Monday, August 21, 2017

Power BI #2: Getting To Know The Power BI Desktop

The Power BI Desktop is the main tool you would be using in creating Power BI reports. You can freely download it here from Microsoft




Once you are done installing it. You get a startup screen like the one below.


There are two major parts of Power BI Desktop you will need to get very familiar with:

1. The Designer part.



2. The Query Editor part.


Let's start first with the Designer part. It is the window you are presented with upon launching Power BI. It has four main sections.


  1. The menu section comprising File (for Open, Save, Options/Preference settings etc.), Home, View and Modelling.
  2. The Report, Data and Relationship section
  3. Page section (like Sheets in Excel), and
  4. The context based section that shows Fields and Visualization when you are in Reports, Fields only when you are in Data and nothing when you are in Relationship.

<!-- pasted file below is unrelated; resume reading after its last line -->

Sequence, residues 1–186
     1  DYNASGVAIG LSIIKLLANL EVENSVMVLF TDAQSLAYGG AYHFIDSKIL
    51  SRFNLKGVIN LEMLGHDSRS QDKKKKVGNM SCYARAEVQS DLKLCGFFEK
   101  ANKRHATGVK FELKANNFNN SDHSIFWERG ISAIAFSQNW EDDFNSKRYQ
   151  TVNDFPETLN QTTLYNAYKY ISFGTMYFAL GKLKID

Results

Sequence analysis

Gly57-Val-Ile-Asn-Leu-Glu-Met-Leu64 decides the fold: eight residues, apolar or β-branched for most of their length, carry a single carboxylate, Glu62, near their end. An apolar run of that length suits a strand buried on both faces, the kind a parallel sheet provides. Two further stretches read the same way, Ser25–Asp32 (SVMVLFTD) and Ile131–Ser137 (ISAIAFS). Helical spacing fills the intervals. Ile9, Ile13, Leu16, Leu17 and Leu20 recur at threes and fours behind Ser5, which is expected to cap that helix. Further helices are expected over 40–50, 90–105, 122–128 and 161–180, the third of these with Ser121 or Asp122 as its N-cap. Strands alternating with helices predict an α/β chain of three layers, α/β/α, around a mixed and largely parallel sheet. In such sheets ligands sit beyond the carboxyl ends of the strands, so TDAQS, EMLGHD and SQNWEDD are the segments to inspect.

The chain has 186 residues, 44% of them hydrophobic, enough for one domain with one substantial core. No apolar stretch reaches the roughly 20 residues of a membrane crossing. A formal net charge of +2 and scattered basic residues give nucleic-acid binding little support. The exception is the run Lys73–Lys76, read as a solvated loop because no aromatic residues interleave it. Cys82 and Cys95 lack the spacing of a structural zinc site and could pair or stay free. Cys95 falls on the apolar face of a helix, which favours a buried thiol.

Now to the Query Editor. It is the exact equivalent of PowerQuery (now merged into Get & Transform Data in Excel 2016). Its main function is to help you wrangle data before they are fully loaded/downloaded into the Power BI. So instead of downloading a 16 GB database table and then specifying which fields/rows to keep and which to discard, you can do the specifying using just a preview of the data and only import just the very data you want/need. This is a life and time saver. And space/memory saver too. Then you can do some very interesting and complex stuff you can't do from the Designer part -- like merge or append data from different sources, unpivot and a few other things I find myself doing repeatedly on client/commercial projects.

You get to the Query Editor from the Home menu in the Designer part.


And it has four sections too.

  1. The menu section
  2. The Queries section
  3. The Data section, and
  4. The Query Settings section (which only shows up when you have/selected a Query)
And that is it for this second tutorial post in the new beginner to expert series I am doing on Power BI. Cheers!